TypeError Traceback (most recent call last)
10 import gspread
11 from oauth2client.client import GoogleCredentials
—> 12 gc = gspread.authorize(GoogleCredentials.get_application_default())
14 def WriteToResultsFile():

2 frames
/usr/local/lib/python3.7/dist-packages/gspread/ in convert_credentials(credentials)
60 raise TypeError(
—> 61 ‘Credentials need to be from either oauth2client or from google-auth.’
62 )

TypeError: Credentials need to be from either oauth2client or from google-auth.

Sorry that the Colab version isn’t working anymore. I can try to fix it, but it will be a while before I can get to it. I am not a developer and the authentication needed for Google Sheets gave me problems and was unstable. The version I personally use is a python file that I run in PyCharm which uses Excel for the input and the output. This version is stable and I have never had any issues with it. I can send you that Python file if you want me to.

When using these ‘single factor’ results to create strategies, please be very aware that you are looking back to see which factors performed well in the past and then using them in your strategy - of course the backtest results are going to be excellent! But there is no guarantee that those same factors will work as well in the future. If you run a simulation based on a system created solely with this ‘single factor’ data, I would say to expect the live system to return about 60-80% of what the simulation returned. I am basing this on my systems created using this method since 2005. That is a big range and the difference will be in how well you do at picking from the top performing factors and choosing factors that complement each other.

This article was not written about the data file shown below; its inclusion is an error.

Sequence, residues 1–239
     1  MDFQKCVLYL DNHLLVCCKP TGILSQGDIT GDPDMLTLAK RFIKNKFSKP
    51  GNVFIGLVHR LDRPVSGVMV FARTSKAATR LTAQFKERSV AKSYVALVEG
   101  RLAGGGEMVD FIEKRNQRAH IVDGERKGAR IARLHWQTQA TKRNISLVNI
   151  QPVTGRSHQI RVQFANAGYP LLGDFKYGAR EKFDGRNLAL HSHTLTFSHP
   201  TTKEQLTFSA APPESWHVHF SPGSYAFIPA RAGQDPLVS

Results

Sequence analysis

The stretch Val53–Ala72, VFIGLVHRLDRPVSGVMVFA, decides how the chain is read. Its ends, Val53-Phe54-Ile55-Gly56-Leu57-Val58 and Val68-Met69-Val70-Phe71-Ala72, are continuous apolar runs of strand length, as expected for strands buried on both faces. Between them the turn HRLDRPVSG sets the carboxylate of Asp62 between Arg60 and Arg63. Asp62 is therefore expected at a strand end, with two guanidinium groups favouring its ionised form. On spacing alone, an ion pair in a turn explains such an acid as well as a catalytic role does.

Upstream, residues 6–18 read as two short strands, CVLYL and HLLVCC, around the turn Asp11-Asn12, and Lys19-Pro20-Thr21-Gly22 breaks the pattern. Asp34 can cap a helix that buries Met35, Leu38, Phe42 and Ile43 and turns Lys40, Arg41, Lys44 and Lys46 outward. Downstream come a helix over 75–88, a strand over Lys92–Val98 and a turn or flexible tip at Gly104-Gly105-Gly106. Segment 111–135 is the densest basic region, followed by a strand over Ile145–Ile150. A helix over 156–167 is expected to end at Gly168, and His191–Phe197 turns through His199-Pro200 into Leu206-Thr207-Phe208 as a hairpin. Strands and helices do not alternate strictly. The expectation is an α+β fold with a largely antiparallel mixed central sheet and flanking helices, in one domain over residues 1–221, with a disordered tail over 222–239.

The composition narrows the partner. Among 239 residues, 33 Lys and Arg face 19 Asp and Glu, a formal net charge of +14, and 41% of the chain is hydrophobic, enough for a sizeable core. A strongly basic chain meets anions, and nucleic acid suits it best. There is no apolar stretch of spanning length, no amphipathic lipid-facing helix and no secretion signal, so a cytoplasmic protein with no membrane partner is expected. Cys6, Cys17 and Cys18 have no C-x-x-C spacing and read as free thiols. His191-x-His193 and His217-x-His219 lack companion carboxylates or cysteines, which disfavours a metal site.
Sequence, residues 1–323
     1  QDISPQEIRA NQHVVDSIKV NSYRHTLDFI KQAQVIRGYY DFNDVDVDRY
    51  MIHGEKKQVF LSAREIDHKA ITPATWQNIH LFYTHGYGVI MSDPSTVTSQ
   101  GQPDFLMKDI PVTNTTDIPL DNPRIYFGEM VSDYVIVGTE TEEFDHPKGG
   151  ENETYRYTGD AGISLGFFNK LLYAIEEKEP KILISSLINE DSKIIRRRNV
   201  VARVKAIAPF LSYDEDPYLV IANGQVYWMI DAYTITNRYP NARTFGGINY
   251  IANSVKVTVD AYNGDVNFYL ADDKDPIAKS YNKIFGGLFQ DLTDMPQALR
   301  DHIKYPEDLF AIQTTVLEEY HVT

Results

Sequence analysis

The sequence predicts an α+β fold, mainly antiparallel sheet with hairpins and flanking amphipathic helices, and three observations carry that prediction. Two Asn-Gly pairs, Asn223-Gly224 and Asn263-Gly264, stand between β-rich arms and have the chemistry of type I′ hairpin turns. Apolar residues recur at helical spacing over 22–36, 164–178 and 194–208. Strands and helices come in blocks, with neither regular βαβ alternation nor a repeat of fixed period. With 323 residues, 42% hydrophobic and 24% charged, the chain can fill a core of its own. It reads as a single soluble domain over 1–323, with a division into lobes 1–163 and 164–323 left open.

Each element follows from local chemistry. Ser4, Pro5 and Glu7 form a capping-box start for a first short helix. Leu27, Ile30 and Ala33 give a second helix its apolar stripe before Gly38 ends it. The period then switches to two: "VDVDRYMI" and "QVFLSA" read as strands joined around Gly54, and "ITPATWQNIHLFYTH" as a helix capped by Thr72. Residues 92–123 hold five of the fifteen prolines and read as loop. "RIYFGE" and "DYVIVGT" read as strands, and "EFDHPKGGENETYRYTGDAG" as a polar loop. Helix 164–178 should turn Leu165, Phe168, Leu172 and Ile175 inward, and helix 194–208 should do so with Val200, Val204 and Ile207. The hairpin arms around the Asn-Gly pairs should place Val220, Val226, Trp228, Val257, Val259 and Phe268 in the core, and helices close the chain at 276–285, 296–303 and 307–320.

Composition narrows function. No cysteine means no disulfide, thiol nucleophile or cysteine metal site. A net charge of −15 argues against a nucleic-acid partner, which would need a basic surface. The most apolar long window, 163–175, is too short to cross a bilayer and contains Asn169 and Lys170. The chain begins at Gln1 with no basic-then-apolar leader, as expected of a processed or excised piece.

Understood re: the Google authentication.

And good points about these factors. What was exciting for me was to come across some factor concepts I hadn’t thought of before that are nicely complementary to some ranking systems I’ve been working on.

Is there a way to run this with a modified universe? I am not too savvy on how to run this thing.

Dan and Max,